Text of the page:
Missile was launched near Kalma, on North Korea's east coast
It comes four days after Pyongyang announced it tested a new rocket engine
A North Korean missile fired Wednesday exploded “within seconds of launch,” according to US Pacific Command.
US officials confirmed North Korea had attempted to launch a missile near Kalma, on the country’s east coast, but early reports suggest it failed.
“South Korea and the US are aware of the missile launch and to their knowledge North Korea’s missile was not successfully launched,” South Korea’s Ministry of Defense said in a statement.
Neither the US nor South Korea have released information on what type of missile was fired, or why it failed. The US Pacific Command said it was working with partners to assess it further.
At a daily press briefing Wednesday, China’s foreign ministry spokeswoman Hua Chunying again called on all parties on the Korean Peninsula, including South Korea and the United States, to “exercise restraint.”
“The current situation on the peninsula is extremely tense – ‘everyone with his dagger drawn’ would be a fair description,” she said.
The attempted launch comes four days after the North Korea announced it had tested a new rocket engine, describing it as a “great leap forward” in their missile program.
US defense officials told CNN the engine could be used for a long-range intercontinental ballistic missile.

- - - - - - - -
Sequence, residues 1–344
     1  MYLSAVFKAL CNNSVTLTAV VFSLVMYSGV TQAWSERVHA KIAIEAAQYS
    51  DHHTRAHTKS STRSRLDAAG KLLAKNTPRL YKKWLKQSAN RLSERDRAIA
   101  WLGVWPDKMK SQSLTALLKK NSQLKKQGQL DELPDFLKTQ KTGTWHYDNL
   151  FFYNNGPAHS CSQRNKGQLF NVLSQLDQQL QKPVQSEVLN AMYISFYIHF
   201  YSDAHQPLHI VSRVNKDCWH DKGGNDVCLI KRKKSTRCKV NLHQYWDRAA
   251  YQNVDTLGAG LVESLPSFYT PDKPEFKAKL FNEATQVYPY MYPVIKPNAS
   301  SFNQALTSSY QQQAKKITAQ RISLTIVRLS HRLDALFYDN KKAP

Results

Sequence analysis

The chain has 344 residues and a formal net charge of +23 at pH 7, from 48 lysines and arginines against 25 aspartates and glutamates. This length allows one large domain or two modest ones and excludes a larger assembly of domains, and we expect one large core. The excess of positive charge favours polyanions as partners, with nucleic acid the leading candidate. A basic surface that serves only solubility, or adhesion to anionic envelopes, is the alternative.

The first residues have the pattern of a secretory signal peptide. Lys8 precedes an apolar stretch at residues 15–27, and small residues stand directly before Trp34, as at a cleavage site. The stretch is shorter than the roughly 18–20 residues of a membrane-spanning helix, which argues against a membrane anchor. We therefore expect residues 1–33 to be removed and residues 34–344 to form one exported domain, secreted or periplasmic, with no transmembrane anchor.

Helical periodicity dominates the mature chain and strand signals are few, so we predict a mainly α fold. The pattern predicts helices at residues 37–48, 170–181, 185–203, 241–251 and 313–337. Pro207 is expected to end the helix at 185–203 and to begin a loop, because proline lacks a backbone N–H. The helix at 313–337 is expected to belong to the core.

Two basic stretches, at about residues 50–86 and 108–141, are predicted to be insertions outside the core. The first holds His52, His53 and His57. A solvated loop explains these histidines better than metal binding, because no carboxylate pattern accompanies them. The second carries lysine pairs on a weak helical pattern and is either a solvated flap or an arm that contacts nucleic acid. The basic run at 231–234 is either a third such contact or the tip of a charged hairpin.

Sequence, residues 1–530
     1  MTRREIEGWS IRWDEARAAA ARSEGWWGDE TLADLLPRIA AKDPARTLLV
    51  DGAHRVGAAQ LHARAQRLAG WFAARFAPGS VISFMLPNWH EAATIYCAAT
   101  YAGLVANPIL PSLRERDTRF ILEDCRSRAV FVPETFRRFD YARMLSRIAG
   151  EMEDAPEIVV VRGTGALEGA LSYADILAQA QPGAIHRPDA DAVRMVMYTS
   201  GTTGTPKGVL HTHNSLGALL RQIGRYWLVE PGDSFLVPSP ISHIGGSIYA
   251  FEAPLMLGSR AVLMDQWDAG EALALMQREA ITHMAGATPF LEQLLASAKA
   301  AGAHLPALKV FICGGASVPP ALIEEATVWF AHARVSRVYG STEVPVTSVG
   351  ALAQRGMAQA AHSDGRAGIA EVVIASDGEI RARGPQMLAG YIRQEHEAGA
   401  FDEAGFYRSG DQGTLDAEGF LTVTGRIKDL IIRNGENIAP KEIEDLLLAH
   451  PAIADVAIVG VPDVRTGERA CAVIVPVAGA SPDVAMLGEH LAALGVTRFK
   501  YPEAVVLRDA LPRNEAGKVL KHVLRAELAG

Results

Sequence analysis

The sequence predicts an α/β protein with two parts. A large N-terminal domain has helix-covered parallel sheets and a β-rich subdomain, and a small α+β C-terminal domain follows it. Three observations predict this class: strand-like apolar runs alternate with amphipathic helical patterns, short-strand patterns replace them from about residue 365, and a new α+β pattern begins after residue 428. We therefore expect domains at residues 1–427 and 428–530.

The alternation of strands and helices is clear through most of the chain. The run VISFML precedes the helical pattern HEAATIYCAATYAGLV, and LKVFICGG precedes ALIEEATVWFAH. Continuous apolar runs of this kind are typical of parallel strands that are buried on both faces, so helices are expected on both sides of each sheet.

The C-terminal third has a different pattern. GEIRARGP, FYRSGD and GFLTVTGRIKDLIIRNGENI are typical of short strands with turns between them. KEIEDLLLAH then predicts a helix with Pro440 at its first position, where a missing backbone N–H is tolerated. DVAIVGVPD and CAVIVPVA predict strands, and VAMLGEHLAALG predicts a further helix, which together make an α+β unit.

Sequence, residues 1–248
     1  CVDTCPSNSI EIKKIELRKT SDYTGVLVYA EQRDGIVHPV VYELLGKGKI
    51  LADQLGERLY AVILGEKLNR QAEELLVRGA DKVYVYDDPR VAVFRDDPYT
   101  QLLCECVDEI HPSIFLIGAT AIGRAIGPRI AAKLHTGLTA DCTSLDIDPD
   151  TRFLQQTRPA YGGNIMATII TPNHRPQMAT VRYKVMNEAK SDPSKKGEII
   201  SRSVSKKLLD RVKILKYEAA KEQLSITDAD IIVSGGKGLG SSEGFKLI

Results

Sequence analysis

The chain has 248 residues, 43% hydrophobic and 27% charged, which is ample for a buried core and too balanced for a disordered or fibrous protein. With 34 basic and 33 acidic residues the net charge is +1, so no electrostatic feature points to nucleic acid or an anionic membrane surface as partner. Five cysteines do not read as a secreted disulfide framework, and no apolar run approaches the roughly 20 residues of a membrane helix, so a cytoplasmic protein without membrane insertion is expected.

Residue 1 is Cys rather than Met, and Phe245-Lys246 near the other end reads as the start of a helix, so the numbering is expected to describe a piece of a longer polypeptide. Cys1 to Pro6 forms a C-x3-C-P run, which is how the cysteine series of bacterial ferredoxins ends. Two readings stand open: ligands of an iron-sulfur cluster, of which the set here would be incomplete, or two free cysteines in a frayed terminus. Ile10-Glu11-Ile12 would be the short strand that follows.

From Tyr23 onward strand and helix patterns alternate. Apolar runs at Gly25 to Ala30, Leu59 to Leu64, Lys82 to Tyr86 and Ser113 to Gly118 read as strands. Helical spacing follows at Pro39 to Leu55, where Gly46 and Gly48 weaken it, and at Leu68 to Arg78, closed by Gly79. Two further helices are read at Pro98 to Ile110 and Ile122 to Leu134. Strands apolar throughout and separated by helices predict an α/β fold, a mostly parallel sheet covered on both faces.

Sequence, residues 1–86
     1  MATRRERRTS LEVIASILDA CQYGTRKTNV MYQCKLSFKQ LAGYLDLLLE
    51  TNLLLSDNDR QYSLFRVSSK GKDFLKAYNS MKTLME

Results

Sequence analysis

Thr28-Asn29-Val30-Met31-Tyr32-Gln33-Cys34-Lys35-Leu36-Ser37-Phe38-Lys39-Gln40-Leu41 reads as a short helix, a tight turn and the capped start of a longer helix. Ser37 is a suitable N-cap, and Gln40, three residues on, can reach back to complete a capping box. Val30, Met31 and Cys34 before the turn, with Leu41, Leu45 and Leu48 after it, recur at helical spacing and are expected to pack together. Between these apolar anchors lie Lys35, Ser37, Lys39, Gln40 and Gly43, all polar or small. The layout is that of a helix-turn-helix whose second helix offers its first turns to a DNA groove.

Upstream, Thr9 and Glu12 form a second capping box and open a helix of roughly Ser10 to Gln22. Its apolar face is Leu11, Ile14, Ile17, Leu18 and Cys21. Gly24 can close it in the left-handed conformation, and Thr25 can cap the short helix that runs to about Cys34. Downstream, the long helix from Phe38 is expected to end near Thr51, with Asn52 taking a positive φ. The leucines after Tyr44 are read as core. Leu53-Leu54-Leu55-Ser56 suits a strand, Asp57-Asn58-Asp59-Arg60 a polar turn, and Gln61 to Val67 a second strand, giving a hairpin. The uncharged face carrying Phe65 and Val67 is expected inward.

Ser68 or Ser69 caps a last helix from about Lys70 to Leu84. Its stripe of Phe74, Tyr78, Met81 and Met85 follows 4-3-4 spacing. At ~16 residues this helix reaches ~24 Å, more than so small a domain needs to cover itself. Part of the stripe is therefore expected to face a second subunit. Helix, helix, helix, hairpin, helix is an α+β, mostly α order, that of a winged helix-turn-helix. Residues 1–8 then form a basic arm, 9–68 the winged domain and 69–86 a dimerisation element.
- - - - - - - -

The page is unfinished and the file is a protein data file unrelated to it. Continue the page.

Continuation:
North Korea’s ‘signal’ to the South
Against the background of the launch, South Korea and the United States continued their annual “Foal Eagle” military exercises, which often provoke retaliation from the North Koreans. The “Foal Eagle” exercises began on March 1 and will end on April 30.
Robert Kelly, associate professor of political science at Pusan National University, told CNN the latest launch was a “signal” to South Korea from their northern neighbor.
“The North Koreans respond to (the drills) almost every year with some kind of outlash or provocation or something like that,” he said. “Missile tests are a nice way to send a signal.”
Speaking to reporters, Hua reiterated China’s proposal for an end to the US-South Korean drills in exchange for North Korea halting its nuclear program.
“We consider (the proposal) the only correct, fair and reasonable way out of the current dilemma … As the saying goes, ‘let he who tied the bell on the tiger take it off’,” she said.